This kitchen technology has been handed down from generation to generation, and casareep can now be bought in the supermarkets. Meat cooked in casareep with added pepper and other ingredients is the well-known Grenadian "pepper-pot", and there are legends of family pepper pots, started decades ago, being passed on to younger generations as heirlooms.

French Come and Wage War . . . more or less successfully

These first inhabitants were still in possession of Grenada in 1650 when 200 Frenchmen arrived from Martinique. This time, the Caribs were willing to sell the island and the Frenchmen bought it at a bargain price. They paid for it with a few knives and hatchets and with a quantity of glass beads. And, for good measure, they threw in a couple of bottles of brandy for the Carib Chief.

But this deal didn't stick. Whatever alerted the Caribs to the unfairness of the business they had done, they changed their mind within a year and wanted to recover their island. So, they started a campaign of terror against the settlers. Any Frenchman found in the woods was killed and it became dangerous to travel into the countryside. Matters went from bad to worse and the Frenchmen realised that, if they were to continue to develop their plantations, they had to do something.

That "something" turned out to be a full-scale war against the Caribs. Boarding several boats in St George's harbour, a contingent of about 100 Frenchmen sailed up the west coast and attacked the Carib's strongest fortified village which was perched at the top of a steep mountain.

The location of that village had been well chosen. It had only one approach, and the Caribs did not wait for the French to find it. They met their attackers as they approached the beach at the foot of the mountain and fought fiercely to prevent a landing. But their poisoned arrows were no match for French firearms and they were forced to retreat.

Even then they did not give up. Large boulders and tree trunks were rolled down on the advancing Frenchmen. This failed to stop them, however, and the village was captured with great slaughter of the Caribs.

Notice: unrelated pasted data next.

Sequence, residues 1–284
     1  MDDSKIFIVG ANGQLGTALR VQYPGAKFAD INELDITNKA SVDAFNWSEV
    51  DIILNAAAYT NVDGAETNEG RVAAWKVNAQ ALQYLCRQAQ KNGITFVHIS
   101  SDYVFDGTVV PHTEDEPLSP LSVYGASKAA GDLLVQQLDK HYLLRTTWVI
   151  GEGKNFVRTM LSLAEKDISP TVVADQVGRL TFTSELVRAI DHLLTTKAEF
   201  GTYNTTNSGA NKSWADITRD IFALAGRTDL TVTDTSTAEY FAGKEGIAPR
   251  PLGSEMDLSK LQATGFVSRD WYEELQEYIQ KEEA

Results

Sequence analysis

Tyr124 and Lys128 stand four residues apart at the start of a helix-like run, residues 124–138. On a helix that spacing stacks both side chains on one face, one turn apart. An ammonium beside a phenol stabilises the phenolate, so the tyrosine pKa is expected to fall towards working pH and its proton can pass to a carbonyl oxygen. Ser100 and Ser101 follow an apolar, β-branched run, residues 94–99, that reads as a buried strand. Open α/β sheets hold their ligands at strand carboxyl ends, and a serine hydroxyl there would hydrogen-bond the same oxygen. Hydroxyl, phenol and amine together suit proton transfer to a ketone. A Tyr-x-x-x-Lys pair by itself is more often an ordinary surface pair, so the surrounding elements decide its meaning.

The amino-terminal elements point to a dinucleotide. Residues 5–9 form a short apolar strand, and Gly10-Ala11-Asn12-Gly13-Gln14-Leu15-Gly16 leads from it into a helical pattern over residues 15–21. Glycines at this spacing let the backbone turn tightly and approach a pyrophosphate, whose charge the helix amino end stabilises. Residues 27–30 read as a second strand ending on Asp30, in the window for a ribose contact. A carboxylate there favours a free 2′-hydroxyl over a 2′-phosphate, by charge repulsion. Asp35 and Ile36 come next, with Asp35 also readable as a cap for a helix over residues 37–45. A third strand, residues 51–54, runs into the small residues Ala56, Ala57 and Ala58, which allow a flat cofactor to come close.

This did not put an end to hostilities and both sides continued to prepare for a decisive show down. The French sent to Martinique for reinforcements while the Caribs, regrouping on the east side of the island, were strengthened by large numbers of their kind who poured in from St Vincent.

The crisis came when the Caribs, considering themselves to have grown to a sufficiently large number, resolved to take on their French enemies. They decided they had become strong enough to capture the town and fort which stood on a narrow neck of land then separating the inner harbour from what is now the yacht marina.

Eight hundred Caribs took on this challenge. Armed with their poisoned arrows and with their clubs, they stormed the approaches to the fort, and the result was total disaster.

Waiting until the screaming Caribs were almost up to the stockade around the fort, the French opened up with their canon and small arms, releasing a death-dealing shower of chain and grape shot together with bullets from the small arms.

The dead and dying lay everywhere. The ground before the fort was soaked in blood and it was then that the French counter-attacked. Poisoned arrows and clubs had no chance against French firearms in a pitched battle and the outcome was inevitable. The small remnant of the attackers was compelled to flee into the woods with the Frenchmen in hot pursuit.

As far as the Frenchmen were concerned, this had to be an action resulting in total extermination. They had had enough of Carib harassment. They wanted to make sure they had the island to themselves and they chased the fleeing Caribs all the way to the northern tip of the island until they cornered them on a towering headland overlooking the sea.

Of the original 800 attackers of the fort, only some 40 now remained but, for them, surrender was out of the question. Death was preferable to their fate at the hands of the French. So, as the Frenchmen closed in on them creeping through the bushes, guns at the ready, this story came to a tragic end. The Caribs flung themselves over the cliff and died in the swirling waters below.

The Frenchmen soon found, however, that their troubles were not yet over. The dramatic death of the forty fugitives did not mark the end of the war. There were still Caribs in the island and they longed for their revenge. They now knew better than to plan another attack on the fort, but Grenada sat on a powder keg of hostility which needed only a spark to set off the explosion.